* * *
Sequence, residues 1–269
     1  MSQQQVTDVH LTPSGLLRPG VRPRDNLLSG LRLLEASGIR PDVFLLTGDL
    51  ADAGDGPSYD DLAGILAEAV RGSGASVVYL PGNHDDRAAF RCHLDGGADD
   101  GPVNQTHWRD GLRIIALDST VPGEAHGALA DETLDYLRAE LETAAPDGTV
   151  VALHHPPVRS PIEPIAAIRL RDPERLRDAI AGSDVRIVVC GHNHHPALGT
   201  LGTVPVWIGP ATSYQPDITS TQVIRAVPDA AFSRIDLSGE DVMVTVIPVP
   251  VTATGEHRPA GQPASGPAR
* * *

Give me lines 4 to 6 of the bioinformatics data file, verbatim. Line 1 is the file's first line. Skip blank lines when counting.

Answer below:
   101  GPVNQTHWRD GLRIIALDST VPGEAHGALA DETLDYLRAE LETAAPDGTV
   151  VALHHPPVRS PIEPIAAIRL RDPERLRDAI AGSDVRIVVC GHNHHPALGT
   201  LGTVPVWIGP ATSYQPDITS TQVIRAVPDA AFSRIDLSGE DVMVTVIPVP